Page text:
90% of India's new internet users consume content in their mother tongue: Sapna Chadha

Sapna Chadha, Senior Marketing Director, Google India and Southeast Asia, discusses India's digitization and the story it tells about the country's progress and ambition

e4m by Tasmayee Laha Roy
Updated: Mar 25, 2021 12:23 PM
Sapna Chadha

Did you know that 60% of users in India interact with voice assistants via their smartphones, making mobile the preferred device for many? Did you also know that 70% of current Indian users prefer navigating the internet in Indic languages over English?  The ‘India for determined progress’ report by Google spotted trends that changed the internet landscape in 2020.

In a chat with e4m, Sapna Chadha, Senior Country Marketing Director, Google India and Southeast Asia, spoke about the new trends of the year gone by. According to Chadha, the three themes of the report rounding up 2020 were people’s preference for everything local, the redefining of value and the users’ desire to learn anything from anywhere.

“We've been doing year enders for a number of years now but this year is unprecedented in terms of change and what the world has gone through and I think the title of the report kind of says it all.  India's digitization is actually telling the story of India's pursuit of progress and the determination for progress and the unprecedented acceleration in 2020 that has really changed user behaviour for good.

"This is not just a change in the internet landscape or just another change happening in the world; it's really a change in user behaviour and demand. That's what's making the internet, the key destination for India to really cultivate and feed their curiosity, progress and move forward, and change their lives, which will end up leading to India's progress,” she said.

According to her, novelties recorded in this year’s report are not just trends but habits.

Excerpts: 

1) Tell us about trends from 2020 that are unprecedented.

We've always seen trends around things like voice or videos or new things happening around the world but what we're now seeing now is all of it coming together. We are seeing the ambition of brands, their flexibility and how they've adapted. We are also seeing extreme innovation-driven momentum in people’s pursuit of progress. That's what really stands out to us. The ambition, the pride, the innovation, the desire for advancement at a time where people could be the opposite of optimistic; that's what is new about 2020.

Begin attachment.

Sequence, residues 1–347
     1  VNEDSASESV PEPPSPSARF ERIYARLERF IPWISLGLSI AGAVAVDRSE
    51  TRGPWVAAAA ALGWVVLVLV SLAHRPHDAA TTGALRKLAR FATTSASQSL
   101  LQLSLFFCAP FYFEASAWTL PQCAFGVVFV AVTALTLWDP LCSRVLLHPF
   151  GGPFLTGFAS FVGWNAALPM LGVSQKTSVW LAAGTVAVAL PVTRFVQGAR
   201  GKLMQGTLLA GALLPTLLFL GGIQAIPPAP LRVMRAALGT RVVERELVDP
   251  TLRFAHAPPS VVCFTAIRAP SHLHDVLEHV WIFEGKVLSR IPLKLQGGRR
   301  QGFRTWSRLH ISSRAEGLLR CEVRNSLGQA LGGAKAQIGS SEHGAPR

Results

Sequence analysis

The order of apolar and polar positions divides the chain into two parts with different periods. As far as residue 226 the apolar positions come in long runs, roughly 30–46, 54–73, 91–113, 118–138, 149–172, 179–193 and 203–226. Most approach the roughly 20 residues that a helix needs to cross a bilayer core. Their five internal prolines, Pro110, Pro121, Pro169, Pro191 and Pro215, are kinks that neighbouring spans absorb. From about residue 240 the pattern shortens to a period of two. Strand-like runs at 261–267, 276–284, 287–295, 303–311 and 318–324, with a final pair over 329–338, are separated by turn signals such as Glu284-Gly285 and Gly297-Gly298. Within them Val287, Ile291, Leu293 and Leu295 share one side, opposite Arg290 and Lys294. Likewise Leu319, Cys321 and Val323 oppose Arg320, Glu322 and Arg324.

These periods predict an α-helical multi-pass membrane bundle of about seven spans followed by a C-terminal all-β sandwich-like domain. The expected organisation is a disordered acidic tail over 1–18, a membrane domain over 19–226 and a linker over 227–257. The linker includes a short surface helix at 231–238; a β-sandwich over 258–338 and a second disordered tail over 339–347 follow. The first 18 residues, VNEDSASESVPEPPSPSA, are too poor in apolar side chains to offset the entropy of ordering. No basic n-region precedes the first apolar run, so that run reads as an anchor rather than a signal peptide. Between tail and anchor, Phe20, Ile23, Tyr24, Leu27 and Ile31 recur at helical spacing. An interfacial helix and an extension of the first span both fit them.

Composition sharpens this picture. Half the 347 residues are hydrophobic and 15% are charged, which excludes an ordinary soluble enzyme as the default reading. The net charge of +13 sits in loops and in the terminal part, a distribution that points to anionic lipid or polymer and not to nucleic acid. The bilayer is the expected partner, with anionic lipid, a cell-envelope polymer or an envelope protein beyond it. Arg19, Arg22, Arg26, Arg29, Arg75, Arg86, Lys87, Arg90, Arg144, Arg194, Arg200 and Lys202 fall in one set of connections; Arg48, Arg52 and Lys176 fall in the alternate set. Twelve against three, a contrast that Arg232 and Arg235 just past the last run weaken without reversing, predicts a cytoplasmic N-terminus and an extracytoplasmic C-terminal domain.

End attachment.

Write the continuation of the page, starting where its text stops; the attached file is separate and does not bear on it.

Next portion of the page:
Our users are realizing that there's no need to slow down now.

One trend, which really stands out is learning.  In the rest of the world, everyone's turning to digital to continue learning, upskilling and developing but when I look at the trends for India, it's very different. There's a different level of ambition that we're seeing be it in terms of education, the quest for information, learning for tomorrow, or simply things like learning to improve earnings, how to invest in markers etc.

For instance, there has been a 50% YoY surge in watchtime of science-related videos on YouTube, then an 86% YoY growth in searches for “online course”, compared to flat growth in the previous year.

2) Searches are reflective of not just choices but also larger aspects like how an economy is performing and what its primary needs are.  As per online searches, what has been the most pressing concern for Indians in 2020?

People were more interested in the "Whys" in 2020. Overall, in 2020, Indians asked 50 per cent more questions leading with ‘why’ than ever before. It was incredible to see the curiosity level of our users.

Given the environment that people have been in, we’ve seen how their expectations have changed. The story now is around demonstrating a determination for progress by leveraging the internet for things like online doctor's consultation. There was a 300% growth in searches for “online doctor consultations”, with the biggest surges in Manipur, Odisha and Bihar. Innovation and adaptability have happened on both sides. For instance, as much as patients have tried to reach out to their doctors online, doctors have also found innovative ways to connect with patients directly.

So be it an online doctor's consultations, or purchasing a car online, or learning digital marketing simply to market their companies or brands better irrespective of their size reflects on users’ pursuit for progress.